Recent weak economic data have confirmed everyone’s worst fears: The global economy is indeed decelerating.
Yet last week, according to Bloomberg data, nearly every economically-sensitive asset class advanced, including U.S. stocks, commodities and high yield. This is a change from the past several months, during which trading has been largely driven by a negative reaction to the growing evidence of a global slowdown. So, why the disconnect now?
As I write in my new weekly commentary, “Stocks Push Higher, But Earnings May be a Roadblock,” in a world in which both fiscal and monetary policy are constrained, investors are justifiably excited over any development that holds the prospect of boosting global growth, if only over the long-term. Last week brought one such development: the tentative Trans Pacific Partnership (TPP) agreement.
After years of tortuous negotiations, trade negotiators agreed to the outlines of the TPP, an extensive trade agreement that goes well beyond tariff reduction. The initial 12 countries in the TPP, including both the U.S. and Japan, comprise 26 percent of global trade, as Bloomberg data show. The pact will gradually lower trade barriers to goods and services as well as set common standards for trade, investment and labor.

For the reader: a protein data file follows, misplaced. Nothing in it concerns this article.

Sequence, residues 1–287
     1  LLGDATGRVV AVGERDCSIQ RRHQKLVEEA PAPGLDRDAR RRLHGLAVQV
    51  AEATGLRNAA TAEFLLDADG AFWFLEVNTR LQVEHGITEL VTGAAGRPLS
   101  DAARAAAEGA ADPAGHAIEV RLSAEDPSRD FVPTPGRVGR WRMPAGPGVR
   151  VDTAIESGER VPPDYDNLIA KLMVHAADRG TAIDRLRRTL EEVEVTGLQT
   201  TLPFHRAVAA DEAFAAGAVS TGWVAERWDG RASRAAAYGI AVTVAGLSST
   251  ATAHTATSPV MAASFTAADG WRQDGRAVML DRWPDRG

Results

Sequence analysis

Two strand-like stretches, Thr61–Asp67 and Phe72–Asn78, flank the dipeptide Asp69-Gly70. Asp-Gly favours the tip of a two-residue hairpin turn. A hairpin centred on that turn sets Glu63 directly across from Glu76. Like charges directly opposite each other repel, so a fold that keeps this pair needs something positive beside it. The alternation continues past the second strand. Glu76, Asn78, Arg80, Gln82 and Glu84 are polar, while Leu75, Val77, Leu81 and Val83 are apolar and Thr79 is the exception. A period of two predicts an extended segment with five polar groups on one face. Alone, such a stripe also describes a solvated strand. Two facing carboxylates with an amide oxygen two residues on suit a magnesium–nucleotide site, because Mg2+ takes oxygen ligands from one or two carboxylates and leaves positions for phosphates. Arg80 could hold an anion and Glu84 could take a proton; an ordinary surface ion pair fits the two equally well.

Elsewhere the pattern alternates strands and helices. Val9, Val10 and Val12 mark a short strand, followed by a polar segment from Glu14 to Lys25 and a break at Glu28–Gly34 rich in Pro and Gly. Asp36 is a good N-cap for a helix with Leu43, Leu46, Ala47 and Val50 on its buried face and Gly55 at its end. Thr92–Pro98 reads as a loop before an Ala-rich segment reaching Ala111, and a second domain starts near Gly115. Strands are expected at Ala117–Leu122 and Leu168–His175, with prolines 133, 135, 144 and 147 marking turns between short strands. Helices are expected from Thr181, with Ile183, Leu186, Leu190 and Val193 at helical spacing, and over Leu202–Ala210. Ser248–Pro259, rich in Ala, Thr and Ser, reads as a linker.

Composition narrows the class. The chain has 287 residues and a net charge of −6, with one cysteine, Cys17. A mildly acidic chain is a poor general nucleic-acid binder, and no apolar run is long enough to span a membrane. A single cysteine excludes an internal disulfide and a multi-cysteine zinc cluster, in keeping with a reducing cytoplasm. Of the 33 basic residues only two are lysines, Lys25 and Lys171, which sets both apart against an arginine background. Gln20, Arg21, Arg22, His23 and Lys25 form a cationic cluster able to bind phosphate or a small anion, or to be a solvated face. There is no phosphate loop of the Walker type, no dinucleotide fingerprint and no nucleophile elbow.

Beyond the TPP, the big driver of last week’s market action, investors also latched on to any theme that might be a positive for the economy or stocks, including dovish Fed minutes and some stabilization in the Chinese currency.
Looking forward, however, the risk-on rally probably won’t last. While volatility has temporarily subsided, market focus is now likely to shift back to U.S. earnings. Analysts are expecting a profit decline in the third quarter, according to Bloomberg. Absent an unexpected improvement, or at least more positive guidance for fourth-quarter earnings, the recent rally in U.S. equities is likely to be contained.
Given this, investors should look elsewhere for opportunities, including to Japanese stocks and high yield bonds. While the TPP deal will do little to boost Japan’s economy in the short term, it’s a significant positive for a country struggling with long-term growth issues. Meanwhile, the recent widening of spreads has returned value to the high yield sector.
Russ Koesterich, CFA, is the Chief Investment Strategist for BlackRock. He is a regular contributor to The Blog.